I dozed off to the sound of the tour guide narrating our surroundings in Spanish, waking up to the boat parking outside a glass factory in Murano. Lola grabbed her twenty-pound backpack and we climbed off the boat to enter the factory. For five minutes, we watched as one man created a glass horse from a ball of orange. We pretended to listen as he explained the process and tradition of glassmaking in Italian, and we shortly explored the shop before boarding the boat again.
This time, I looked out romantically to the water recounting our three days in Venice. The first day I’d been sick, and spent most of the day resting, only leaving the hotel for dinner. The second day I’d eaten breakfast in the Piazzetta San Marco and explored every inch of the city with my cousin. I’d found a brilliant vintage leather jacket that fit perfectly and an orange glass ring, and I’d gone on a gondola ride and had a big dinner. And now it was the third and final day in Venice and we were venturing a little further.
Torcello featured a fifteen-minute walk to one large estate, the only stop in between being a restaurant. I walked with Lola to the estate, walked around it for three minutes, admired it, and then walked to the restaurant to get gelato. We made it back to the boat in almost exactly an hour.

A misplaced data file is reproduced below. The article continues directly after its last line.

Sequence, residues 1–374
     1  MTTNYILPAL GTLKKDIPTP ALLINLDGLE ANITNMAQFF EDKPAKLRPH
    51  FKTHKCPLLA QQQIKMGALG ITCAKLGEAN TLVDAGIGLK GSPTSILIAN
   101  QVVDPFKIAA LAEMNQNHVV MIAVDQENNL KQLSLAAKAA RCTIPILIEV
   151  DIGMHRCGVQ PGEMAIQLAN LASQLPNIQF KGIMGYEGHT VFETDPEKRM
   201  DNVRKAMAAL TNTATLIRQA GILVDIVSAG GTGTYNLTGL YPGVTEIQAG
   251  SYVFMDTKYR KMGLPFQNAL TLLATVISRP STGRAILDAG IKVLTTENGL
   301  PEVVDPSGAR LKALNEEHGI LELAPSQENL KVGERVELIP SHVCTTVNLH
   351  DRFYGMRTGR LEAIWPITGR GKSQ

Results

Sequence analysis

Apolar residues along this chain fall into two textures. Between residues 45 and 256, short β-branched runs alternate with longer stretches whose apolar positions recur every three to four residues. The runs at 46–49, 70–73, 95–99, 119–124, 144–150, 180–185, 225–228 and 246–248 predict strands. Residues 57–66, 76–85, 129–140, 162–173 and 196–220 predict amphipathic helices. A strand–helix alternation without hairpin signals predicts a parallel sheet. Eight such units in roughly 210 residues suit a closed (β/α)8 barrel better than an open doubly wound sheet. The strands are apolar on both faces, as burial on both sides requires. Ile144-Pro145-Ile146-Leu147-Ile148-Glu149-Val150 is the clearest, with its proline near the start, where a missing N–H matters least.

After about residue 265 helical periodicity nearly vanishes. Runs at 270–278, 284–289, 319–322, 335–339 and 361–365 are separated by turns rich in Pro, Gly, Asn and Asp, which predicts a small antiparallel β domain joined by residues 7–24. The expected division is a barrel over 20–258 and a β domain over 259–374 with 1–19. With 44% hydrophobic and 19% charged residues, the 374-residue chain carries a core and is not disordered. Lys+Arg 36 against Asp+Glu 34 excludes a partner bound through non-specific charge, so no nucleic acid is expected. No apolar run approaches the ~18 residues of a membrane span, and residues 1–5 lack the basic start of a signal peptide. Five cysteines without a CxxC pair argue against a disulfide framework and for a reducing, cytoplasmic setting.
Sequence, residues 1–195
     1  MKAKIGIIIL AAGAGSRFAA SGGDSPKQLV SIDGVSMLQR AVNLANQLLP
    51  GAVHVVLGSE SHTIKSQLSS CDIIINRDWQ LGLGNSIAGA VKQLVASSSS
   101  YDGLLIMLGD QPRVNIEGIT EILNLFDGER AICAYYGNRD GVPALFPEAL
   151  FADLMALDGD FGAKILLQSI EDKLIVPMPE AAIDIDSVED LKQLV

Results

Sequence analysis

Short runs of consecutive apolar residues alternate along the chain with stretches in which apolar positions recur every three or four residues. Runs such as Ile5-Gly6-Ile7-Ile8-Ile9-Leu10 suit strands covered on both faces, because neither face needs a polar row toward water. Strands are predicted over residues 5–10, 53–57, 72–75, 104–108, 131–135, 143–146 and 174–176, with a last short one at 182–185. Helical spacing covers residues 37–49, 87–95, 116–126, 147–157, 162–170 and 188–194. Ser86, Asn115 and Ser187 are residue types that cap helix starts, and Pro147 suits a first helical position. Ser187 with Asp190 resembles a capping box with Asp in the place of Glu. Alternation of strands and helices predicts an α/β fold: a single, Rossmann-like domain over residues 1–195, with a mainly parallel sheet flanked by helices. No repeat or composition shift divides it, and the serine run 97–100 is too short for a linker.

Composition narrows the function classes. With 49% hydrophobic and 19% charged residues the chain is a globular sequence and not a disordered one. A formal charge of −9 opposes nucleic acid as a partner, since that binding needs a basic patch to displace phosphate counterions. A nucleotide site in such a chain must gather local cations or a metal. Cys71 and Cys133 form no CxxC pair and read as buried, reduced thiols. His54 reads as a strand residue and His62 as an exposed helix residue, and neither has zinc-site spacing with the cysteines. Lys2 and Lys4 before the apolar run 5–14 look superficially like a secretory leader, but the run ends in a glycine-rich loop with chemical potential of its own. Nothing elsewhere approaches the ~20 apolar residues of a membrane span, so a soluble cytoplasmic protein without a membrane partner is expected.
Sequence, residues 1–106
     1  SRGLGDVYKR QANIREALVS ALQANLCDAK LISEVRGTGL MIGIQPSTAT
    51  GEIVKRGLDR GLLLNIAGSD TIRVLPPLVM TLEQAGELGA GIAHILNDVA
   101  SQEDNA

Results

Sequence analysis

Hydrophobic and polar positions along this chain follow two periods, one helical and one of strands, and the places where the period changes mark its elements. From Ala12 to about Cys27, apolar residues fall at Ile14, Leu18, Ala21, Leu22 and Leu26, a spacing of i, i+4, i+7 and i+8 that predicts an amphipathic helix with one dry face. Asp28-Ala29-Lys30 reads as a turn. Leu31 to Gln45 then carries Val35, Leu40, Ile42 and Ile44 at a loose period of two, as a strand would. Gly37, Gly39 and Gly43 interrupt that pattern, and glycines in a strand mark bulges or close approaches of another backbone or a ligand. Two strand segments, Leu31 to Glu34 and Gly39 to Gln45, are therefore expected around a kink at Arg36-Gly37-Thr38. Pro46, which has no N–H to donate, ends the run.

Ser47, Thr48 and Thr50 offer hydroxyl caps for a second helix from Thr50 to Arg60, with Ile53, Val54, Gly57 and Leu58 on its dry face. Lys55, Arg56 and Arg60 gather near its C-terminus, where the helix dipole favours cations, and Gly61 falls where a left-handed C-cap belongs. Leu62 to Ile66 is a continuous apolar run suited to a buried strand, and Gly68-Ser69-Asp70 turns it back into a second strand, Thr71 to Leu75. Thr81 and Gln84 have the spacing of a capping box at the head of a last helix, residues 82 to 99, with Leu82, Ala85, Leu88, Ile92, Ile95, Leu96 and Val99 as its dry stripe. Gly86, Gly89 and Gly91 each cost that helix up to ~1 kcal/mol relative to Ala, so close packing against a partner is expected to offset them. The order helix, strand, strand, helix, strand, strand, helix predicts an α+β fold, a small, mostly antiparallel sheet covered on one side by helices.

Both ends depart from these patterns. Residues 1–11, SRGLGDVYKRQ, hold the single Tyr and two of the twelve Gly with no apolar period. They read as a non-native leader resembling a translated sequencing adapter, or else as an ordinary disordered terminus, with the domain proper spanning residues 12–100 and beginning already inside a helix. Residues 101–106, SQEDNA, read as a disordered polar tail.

When we arrived in Burano, we were given a little more time to explore before the boat would leave again, so we walked into the city to look at the buildings. Burano was louder in color than central Venice, but quieter in sound with few people shuffling through its streets. Some houses had only curtains for doors, some had curtains covering every door and window. It was home to mostly retired Italians and a couple of business owners.
Kuya and I found a shadowed street through a small arch with more colorful houses. Then we walked back to meet Lola, grabbed water and headed back to the boat for one last time.
In Venice, our driver got us a water taxi and we began to make our way to the rest of Italy.
During my trip I took this old digital camera and photographed everything. I was looking through those photos recently and was hit with a wave of nostalgia. I wanted to put words to the pictures, I wanted to remember the trip, and I wanted to have something to look back on to remember the trip. So I wrote some short stories from Venice, recalling the little things as my fingers danced across the keyboard.
Amihan is a writer and artist from Harlem. She spends her free time creating art, singing and playing guitar. She’s written pieces on identity and societal change. Over quarantine, she’s been spending time with her family and puppy in her vacation home on a lake.